A project to salvage the Mary Rose at that time was abandoned when the costs started to outweigh the income.
As most people in this country will recall, the remains of the Mary Rose (part of the starboard side of the ship) were brought to the surface in 1982 after an astonishing feat of salvage and marine engineering. Since then the remains of the hull have been painstakingly dried out and preserved. They now sit in a brand new museum in Dock 3 of the HM Naval Base, Portsmouth.
The new setting is a massive improvement on what we saw two years or more ago. As you enter it proudly announces that the Mary Rose was: “The King’s Ship for 34 years; Under the Sea for 437 years; Drying Out for 35 years.” (It hasn’t quite finished the process of drying out yet the anticipated end date being sometime in 2017).
The building has three levels mimicking the missing port side of the ship. The objects found within the remains have been placed on those levels exactly opposite where they were found. It ‘brings to life’ the original layout of the ship and its size. At each end there are numerous items recovered from the wreckage including objects and tools from the carpenter’s cabin, plates, mugs, miscellaneous personal belongings, weapons, a backgammon board and even a complete brick hearth where meat was boiled for the crew!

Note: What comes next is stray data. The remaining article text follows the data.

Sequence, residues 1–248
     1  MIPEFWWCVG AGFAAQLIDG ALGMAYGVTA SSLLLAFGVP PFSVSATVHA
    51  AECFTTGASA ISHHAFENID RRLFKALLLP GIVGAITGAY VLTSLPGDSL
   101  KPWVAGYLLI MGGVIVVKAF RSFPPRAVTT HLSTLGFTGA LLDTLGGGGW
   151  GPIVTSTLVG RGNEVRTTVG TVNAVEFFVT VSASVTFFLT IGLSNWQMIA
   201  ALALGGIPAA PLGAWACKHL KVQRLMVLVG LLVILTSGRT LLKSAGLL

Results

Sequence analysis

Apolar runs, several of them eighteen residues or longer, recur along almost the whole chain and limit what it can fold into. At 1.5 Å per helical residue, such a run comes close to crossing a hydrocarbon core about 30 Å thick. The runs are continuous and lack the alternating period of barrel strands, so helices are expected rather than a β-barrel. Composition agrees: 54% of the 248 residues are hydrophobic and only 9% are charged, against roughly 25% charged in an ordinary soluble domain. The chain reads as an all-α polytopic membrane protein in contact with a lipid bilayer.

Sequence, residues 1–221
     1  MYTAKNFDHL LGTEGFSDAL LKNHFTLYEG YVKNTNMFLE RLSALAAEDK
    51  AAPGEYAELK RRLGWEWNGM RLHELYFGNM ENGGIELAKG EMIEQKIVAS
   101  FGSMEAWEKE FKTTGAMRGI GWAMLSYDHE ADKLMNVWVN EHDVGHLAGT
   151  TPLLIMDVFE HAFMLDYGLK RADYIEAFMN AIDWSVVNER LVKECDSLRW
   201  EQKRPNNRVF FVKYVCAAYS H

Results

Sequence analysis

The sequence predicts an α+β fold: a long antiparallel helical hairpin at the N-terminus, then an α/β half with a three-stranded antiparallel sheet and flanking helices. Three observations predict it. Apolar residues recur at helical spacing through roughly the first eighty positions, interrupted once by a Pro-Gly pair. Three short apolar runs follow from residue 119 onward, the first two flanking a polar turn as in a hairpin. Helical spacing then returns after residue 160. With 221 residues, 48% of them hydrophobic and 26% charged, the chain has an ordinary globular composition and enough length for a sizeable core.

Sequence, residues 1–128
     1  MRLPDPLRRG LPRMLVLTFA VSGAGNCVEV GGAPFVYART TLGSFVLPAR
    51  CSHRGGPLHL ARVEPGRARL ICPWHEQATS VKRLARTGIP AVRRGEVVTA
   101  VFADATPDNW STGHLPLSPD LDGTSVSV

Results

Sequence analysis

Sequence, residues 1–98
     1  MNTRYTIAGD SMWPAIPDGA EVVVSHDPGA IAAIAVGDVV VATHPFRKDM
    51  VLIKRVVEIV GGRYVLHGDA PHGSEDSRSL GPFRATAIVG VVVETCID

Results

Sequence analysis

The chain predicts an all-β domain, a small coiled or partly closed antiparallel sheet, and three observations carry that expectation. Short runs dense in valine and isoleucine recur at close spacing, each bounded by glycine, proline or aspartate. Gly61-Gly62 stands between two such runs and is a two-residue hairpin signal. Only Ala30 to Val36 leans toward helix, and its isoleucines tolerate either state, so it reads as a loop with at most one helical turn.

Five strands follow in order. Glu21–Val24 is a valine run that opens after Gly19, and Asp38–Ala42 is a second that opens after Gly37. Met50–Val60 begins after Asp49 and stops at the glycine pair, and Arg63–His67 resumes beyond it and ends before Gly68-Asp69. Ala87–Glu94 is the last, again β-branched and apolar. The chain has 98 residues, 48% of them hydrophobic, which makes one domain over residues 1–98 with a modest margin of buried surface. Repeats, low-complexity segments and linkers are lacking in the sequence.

I have never been a huge fan of historical artefacts – my biggest problem being my own lack of imagination and ability to see it ‘as it was’. The new setting for the Mary Rose and the items they have chosen to display certainly fired my imagination and I have no hesitation in recommending it to everyone I know and their children.
More information can of course be found on the website at http://www.maryrose.org.
On Page 15 of the same newspaper, the new ‘Today’ presenter Mishal Husain is described as “Dishy Mishy”.